At the University of Edinburgh
I’ve always loved to travel and have an itch to absorb as much of the world as I can.
There was a sort of confidence I gained while abroad—a confidence in my ability to navigate foreign environments alone—that helped me grow up and made me realize that I’ll be okay after Cornell.
I knew before I arrived at Cornell that I wanted to study abroad. I’ve always loved to travel and have an itch to absorb as much of the world as I can. In my freshman year, I attended a study abroad info session. Hearing about all the possibilities made me even more resolved to go somewhere.
I chose to spend a spring semester attending the University of Edinburgh. I direct enrolled through Cornell and received credit for all four of my courses: Computer Security, Foundations of Natural Language Processing, Scottish Literature, and Scotland and Heritage.
There were three reasons I chose the University of Edinburgh. First, I wanted to be in Europe where I could easily travel to several neighboring countries. Second, I wanted to be somewhere English-speaking because, although I speak both Spanish and German, I didn’t want language to be the focus of my international experience. And, third, I wanted to focus on my major. I wanted to take classes in my major, Information Science, because I was really curious about how technology is taught abroad.
I believe that Edinburgh was a perfect fit because of the excellence of their Informatics program, easy travel to other European cities, and the fact that English is the primary language spoken there.
You’re abroad for a very short amount of time, and it goes by quicker than you think it will. Make sure you’re doing the things you can only do there.
My experiences in Scotland taught me things that I wouldn’t have learned on campus in Ithaca—both academically and in terms of softer, less quantifiable lessons. Learning about Scottish literature and history in Scotland itself was an unparalleled intellectual experience. You can read about political acts like the Scottish referendums or watch movies like Braveheart, but hearing about the Scotland-England conflict from someone for whom it’s personal is extremely powerful.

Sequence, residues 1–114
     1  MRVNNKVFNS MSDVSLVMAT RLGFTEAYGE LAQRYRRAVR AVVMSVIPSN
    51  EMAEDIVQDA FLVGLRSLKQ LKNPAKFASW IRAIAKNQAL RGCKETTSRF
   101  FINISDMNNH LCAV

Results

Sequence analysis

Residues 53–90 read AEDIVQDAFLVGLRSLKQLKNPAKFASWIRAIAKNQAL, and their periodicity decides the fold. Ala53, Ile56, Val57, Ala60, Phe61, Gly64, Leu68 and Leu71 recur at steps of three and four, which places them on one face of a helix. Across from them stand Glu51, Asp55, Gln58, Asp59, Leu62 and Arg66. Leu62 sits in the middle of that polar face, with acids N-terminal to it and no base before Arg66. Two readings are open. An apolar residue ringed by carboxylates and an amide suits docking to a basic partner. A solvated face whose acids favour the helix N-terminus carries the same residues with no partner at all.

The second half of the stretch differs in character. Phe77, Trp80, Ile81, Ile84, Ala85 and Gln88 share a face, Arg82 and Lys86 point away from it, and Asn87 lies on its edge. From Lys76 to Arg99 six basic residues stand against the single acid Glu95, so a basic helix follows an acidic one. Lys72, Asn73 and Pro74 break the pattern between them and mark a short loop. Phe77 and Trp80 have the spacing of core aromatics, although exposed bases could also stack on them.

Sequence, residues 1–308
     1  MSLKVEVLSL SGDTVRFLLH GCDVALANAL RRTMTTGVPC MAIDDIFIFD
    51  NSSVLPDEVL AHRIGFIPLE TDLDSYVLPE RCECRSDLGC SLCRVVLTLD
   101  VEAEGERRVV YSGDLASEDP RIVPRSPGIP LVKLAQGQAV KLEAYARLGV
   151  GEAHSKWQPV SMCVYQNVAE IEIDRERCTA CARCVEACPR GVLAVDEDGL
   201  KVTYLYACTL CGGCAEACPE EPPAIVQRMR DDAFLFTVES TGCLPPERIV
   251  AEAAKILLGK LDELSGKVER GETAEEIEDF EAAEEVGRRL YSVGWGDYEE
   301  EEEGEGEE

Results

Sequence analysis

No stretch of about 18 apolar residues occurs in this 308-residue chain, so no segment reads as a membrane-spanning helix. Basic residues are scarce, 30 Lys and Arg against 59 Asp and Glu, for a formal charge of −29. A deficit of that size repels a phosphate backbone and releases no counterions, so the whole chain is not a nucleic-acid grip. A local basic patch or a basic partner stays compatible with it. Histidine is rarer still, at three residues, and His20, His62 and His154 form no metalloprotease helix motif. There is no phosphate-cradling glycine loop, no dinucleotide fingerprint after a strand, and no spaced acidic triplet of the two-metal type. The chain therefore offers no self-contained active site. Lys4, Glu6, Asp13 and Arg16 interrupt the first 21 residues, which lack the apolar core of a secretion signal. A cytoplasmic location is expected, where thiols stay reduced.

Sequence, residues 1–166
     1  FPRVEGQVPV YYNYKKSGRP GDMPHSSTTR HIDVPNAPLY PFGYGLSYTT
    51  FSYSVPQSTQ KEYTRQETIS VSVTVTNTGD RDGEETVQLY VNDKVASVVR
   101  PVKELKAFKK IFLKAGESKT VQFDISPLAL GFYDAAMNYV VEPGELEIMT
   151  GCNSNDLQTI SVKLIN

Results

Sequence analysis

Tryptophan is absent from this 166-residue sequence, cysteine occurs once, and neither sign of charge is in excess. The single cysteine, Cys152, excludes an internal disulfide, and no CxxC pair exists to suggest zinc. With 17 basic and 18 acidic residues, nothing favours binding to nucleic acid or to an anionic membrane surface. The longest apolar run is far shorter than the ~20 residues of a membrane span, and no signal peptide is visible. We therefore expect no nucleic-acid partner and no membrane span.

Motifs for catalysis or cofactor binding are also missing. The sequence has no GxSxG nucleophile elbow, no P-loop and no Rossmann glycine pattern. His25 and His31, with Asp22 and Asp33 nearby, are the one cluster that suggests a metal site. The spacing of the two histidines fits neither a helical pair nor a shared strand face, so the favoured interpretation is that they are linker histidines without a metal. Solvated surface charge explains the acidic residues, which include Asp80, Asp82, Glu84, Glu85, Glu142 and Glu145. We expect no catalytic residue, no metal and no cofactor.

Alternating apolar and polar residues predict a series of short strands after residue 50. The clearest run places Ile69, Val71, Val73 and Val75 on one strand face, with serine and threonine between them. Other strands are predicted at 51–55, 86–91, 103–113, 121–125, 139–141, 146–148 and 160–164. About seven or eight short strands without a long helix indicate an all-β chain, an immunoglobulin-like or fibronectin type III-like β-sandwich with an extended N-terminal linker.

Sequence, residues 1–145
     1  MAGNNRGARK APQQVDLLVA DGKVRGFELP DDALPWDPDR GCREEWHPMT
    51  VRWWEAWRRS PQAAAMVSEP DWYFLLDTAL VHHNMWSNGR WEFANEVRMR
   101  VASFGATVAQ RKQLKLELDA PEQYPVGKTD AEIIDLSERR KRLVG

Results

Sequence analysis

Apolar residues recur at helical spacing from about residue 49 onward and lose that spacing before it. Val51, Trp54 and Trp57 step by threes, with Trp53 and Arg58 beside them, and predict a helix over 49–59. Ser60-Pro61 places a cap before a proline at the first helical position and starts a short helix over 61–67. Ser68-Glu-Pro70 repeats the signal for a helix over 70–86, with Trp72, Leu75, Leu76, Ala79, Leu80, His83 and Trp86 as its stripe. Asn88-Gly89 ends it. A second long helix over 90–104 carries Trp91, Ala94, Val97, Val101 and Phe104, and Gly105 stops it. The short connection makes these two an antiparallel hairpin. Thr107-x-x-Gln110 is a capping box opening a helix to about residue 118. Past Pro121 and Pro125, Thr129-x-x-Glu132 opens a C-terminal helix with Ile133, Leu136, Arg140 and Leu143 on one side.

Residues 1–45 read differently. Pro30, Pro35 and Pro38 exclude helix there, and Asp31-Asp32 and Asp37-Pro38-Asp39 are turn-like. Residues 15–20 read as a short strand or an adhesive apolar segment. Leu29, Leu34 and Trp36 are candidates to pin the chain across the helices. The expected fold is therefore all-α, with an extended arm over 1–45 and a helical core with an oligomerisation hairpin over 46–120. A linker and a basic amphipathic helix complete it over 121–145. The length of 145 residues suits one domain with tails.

In my major I study people, technology, and the ways they intersect. I was particularly struck by the attention on aesthetics and design that I noticed in the European countries that I visited. Getting to see beautiful art, from paintings, to sculptures, to architecture, was a huge inspiration to me. The amount of detail put into even one tile in a cathedral and the use of bright colors and patterns gave me a lot to think about in my own designs.
I found that I had a lighter workload during my semester in Scotland than I'd had at Cornell—meaning that I had free time during the week to explore Edinburgh. I spent this time visiting new coffee shops, checking out thrift stores near campus, or just walking until I got lost. I never regretted the times I made myself get up early to go for a run in a new part of town, or the times I dragged myself out to a pub trivia night with some new friends.
At times during my semester abroad, I felt a sense of isolation—in spite of the fact that I had American friends. I was keenly aware of the ways in which I “stuck out,” particularly as a result of my American accent—which seems to come with its own special set of judgments. Once I got more familiar with Edinburgh and with everyday things like the British currency and which way to look when crossing the road, I felt a lot more like Edinburgh was my home, too, and that I also belonged there.
I also learned that even though the nations of Europe are in close proximity physically, their cultures can be quite different. I was especially impressed by the example of Scotland and England, which—though technically part of the same country—are, in fact, immensely different, with a shared history that is often quite tense.
I loved getting to travel to many different countries to see what they ate and drank, when they ate and drank it, their superstitions, their histories, even their fashions. It reminded me that humans are so complex and adaptable and that there’s really no singular way to live life right.